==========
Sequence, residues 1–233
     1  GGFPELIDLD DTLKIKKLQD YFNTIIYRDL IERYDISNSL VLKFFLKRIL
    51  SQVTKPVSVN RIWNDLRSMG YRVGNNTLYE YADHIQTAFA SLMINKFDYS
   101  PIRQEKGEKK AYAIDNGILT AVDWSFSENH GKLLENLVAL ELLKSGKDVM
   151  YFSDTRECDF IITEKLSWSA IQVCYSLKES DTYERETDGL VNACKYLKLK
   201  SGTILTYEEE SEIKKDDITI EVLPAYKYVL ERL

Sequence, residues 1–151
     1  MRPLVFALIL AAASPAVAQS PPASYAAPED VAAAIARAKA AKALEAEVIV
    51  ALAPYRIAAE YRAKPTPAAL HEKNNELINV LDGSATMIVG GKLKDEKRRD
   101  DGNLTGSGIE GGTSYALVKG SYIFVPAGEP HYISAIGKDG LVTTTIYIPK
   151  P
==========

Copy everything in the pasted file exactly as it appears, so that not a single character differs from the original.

Sequence, residues 1–233
     1  GGFPELIDLD DTLKIKKLQD YFNTIIYRDL IERYDISNSL VLKFFLKRIL
    51  SQVTKPVSVN RIWNDLRSMG YRVGNNTLYE YADHIQTAFA SLMINKFDYS
   101  PIRQEKGEKK AYAIDNGILT AVDWSFSENH GKLLENLVAL ELLKSGKDVM
   151  YFSDTRECDF IITEKLSWSA IQVCYSLKES DTYERETDGL VNACKYLKLK
   201  SGTILTYEEE SEIKKDDITI EVLPAYKYVL ERL

Sequence, residues 1–151
     1  MRPLVFALIL AAASPAVAQS PPASYAAPED VAAAIARAKA AKALEAEVIV
    51  ALAPYRIAAE YRAKPTPAAL HEKNNELINV LDGSATMIVG GKLKDEKRRD
   101  DGNLTGSGIE GGTSYALVKG SYIFVPAGEP HYISAIGKDG LVTTTIYIPK
   151  P